Studying Polycystic Ovary Syndrome (PCOS) and Children’s Health

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NICHD researchers study women’s health conditions and how they may affect pregnancy, maternal health, and the health of children. In a study from the Epidemiology Branch, researchers evaluated whether PCOS influenced the cardiometabolic health of mothers and their children. PCOS can put a person at risk for cardiometabolic diseases like diabetes and obesity, and intergenerational effects are unclear.

  • The researchers analyzed data from the Upstate KIDS cohort, which followed mothers and their children for more than 10 years. 
  • In the study, about 14% of women attending a study exam (61 total) self-reported a PCOS diagnosis. The team looked at this group’s cardiometabolic health data—blood pressure, heart rate, arterial stiffness, cholesterol levels, and more—of both mothers and their children, whose ages were around 8 to 9 years old.
  • While the researchers found differences in the cardiometabolic health of women with and without self-reported PCOS, they did not observe statistical differences between the two groups of children.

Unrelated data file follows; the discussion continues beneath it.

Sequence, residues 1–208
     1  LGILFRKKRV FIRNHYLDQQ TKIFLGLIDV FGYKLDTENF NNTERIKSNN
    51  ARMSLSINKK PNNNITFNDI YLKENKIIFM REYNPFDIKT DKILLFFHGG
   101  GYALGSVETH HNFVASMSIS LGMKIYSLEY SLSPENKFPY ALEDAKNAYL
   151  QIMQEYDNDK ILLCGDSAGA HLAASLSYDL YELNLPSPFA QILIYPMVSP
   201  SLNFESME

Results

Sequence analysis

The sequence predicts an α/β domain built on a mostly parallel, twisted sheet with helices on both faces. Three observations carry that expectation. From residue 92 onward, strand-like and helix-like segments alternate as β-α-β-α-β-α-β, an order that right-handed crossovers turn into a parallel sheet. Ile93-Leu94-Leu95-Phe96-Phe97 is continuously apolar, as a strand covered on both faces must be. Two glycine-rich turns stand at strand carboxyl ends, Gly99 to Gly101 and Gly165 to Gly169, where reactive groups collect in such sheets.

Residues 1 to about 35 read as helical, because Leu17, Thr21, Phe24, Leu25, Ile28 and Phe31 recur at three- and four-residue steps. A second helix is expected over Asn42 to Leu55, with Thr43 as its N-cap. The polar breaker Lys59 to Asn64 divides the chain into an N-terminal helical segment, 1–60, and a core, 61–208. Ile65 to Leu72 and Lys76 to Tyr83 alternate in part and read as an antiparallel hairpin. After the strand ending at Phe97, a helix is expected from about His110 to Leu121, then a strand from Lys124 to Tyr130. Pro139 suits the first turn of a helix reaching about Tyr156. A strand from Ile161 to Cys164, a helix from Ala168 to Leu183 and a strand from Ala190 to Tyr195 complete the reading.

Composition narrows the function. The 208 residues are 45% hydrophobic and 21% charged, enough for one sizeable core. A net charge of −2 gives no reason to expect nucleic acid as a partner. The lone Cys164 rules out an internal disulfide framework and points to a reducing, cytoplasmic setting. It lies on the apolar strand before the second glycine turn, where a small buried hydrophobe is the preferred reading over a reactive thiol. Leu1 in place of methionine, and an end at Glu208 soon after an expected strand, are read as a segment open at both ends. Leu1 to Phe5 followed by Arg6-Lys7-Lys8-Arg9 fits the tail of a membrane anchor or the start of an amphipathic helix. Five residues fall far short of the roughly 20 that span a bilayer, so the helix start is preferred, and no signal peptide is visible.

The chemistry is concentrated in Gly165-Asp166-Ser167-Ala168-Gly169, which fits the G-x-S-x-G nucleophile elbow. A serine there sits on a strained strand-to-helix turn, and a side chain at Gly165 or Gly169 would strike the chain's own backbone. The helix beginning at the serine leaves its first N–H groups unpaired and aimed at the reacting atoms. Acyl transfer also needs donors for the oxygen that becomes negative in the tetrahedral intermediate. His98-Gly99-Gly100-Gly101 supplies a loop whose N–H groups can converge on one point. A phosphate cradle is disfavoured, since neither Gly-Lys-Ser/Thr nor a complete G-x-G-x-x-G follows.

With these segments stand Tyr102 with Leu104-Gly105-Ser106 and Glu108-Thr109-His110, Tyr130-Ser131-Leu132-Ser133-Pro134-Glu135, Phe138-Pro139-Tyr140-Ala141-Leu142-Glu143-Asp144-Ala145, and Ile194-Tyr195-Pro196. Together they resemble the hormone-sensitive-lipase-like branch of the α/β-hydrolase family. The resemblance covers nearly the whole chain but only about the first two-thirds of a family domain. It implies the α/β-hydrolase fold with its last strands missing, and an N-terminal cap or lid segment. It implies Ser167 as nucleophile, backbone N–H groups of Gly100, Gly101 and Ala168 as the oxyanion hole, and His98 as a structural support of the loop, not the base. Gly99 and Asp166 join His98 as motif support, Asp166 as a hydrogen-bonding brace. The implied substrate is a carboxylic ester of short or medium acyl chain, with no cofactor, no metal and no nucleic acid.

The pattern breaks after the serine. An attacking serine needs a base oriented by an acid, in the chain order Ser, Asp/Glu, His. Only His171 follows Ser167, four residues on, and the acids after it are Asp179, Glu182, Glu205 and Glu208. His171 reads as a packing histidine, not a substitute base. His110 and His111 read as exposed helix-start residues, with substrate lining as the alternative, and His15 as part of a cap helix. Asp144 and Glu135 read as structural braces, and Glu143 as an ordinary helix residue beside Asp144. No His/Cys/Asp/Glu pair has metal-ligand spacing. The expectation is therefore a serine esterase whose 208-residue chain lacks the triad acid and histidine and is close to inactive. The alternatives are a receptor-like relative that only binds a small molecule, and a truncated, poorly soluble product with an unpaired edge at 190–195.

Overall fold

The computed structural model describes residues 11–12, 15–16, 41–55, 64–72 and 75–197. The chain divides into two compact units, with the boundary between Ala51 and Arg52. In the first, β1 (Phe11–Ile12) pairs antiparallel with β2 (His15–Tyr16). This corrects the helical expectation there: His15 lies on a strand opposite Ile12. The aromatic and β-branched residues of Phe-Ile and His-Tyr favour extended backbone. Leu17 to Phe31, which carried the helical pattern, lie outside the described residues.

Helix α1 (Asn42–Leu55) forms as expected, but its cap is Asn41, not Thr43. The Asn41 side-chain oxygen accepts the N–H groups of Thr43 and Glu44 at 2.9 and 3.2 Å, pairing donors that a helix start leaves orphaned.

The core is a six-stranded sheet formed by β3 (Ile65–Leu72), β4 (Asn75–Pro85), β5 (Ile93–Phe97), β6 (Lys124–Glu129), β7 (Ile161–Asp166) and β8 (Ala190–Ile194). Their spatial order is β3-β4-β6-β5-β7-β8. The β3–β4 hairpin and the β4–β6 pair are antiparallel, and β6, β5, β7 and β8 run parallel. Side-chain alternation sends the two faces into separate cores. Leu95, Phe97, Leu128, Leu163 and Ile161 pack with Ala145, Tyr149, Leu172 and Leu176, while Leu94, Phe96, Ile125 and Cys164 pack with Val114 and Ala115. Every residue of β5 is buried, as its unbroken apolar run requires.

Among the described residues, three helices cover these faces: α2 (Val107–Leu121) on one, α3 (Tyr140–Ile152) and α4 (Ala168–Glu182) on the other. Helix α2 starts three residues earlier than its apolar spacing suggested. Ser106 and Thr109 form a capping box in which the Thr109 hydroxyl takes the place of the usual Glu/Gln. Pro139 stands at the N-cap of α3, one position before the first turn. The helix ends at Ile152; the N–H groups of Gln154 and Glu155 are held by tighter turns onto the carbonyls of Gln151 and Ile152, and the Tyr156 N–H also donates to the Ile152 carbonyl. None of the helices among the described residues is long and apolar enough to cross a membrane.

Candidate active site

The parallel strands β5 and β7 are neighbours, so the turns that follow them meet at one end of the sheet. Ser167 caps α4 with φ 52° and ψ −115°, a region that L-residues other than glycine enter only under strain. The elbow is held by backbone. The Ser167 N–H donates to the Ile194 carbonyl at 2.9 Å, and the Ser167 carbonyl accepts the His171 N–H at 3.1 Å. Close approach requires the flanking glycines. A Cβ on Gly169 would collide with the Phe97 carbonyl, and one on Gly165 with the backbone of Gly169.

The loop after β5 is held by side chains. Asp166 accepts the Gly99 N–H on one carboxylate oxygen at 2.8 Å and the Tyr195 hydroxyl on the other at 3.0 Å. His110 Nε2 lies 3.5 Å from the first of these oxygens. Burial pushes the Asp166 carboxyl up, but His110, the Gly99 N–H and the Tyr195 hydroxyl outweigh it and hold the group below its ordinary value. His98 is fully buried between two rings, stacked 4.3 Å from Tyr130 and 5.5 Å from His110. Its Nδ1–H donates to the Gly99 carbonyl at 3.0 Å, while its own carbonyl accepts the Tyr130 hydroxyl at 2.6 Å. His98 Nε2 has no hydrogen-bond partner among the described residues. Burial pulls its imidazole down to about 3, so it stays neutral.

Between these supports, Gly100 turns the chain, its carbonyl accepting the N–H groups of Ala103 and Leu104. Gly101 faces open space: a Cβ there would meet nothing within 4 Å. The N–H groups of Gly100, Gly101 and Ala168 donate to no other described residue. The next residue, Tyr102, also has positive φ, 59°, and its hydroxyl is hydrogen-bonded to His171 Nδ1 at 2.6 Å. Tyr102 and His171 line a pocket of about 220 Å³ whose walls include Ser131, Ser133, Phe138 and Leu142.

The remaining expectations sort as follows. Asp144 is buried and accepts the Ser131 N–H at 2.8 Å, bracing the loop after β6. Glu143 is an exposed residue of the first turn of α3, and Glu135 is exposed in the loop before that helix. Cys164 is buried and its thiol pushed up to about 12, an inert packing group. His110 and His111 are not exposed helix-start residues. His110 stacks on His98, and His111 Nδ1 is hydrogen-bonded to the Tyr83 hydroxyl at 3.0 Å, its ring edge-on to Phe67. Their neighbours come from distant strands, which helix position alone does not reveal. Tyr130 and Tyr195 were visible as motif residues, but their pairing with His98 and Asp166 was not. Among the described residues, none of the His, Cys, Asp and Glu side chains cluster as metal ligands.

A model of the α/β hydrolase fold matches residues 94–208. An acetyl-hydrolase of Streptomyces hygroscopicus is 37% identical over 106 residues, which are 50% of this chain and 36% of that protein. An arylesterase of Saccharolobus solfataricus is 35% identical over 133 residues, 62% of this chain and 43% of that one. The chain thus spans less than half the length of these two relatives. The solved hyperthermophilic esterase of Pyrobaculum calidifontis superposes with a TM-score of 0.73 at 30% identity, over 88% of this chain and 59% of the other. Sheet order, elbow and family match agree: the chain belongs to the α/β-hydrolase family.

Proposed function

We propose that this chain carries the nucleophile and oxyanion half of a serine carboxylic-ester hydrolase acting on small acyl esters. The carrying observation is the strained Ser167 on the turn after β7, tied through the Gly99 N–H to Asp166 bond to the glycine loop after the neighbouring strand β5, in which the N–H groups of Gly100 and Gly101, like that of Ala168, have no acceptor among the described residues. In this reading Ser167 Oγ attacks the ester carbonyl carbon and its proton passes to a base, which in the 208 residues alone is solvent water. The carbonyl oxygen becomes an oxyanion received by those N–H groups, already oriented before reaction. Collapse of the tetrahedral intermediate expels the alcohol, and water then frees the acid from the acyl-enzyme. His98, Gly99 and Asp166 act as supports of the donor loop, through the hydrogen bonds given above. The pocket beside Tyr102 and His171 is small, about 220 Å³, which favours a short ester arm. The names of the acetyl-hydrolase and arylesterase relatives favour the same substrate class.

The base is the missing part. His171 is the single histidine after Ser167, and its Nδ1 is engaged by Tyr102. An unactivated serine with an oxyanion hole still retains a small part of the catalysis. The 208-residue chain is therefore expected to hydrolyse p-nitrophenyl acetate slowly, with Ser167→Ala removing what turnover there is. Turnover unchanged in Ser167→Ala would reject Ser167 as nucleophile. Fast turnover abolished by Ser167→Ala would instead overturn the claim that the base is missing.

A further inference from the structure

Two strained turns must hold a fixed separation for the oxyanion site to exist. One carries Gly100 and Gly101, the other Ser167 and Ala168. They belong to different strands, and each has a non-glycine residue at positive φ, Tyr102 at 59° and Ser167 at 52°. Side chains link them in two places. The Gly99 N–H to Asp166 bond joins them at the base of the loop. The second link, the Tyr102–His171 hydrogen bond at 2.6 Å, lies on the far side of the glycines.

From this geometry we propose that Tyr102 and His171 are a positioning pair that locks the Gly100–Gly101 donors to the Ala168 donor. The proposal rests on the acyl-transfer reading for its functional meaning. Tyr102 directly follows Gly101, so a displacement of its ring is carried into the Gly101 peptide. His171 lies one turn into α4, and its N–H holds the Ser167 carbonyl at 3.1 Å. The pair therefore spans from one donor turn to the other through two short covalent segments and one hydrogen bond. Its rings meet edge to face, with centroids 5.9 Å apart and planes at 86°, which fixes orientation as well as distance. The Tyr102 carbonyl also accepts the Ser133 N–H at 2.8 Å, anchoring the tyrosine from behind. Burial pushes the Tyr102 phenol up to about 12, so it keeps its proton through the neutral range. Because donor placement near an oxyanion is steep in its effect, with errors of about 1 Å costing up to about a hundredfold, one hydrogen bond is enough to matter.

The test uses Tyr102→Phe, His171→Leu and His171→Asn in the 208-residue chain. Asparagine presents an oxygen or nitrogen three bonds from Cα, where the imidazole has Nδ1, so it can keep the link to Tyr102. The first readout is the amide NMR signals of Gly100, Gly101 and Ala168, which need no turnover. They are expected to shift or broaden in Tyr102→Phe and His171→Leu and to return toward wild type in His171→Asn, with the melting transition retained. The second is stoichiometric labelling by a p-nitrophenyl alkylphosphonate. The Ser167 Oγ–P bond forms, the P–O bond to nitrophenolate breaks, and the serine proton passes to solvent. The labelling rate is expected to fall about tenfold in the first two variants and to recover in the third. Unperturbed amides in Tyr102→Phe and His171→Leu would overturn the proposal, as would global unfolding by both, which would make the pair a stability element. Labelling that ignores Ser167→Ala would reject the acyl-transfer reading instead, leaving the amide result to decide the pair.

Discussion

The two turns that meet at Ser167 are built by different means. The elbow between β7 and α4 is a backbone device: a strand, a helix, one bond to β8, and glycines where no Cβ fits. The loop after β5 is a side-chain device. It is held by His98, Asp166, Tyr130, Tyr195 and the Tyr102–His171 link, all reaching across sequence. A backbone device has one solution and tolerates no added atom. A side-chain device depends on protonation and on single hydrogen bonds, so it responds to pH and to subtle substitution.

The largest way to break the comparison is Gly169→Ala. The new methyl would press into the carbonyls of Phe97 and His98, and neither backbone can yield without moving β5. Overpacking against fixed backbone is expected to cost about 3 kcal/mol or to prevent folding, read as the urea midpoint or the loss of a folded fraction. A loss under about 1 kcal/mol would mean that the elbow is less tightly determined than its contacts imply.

• The findings provide some reassurance that the children of women who were diagnosed with PCOS prior to pregnancy are not at higher risk for cardiometabolic health problems through middle childhood.
  • However, the authors caution that their study is limited by a small sample size. Future, larger studies may provide additional information useful for people with PCOS and their healthcare providers.

NICHD co-authors of the paper include K.J. Polinski, S.L. Robinson, D.L. Putnick, R. Sundaram, V. Gomez-Lobo, E.M. Bell, and E.H. Yeung.

Learn more about the Division of Population Health Research (DiPHR):

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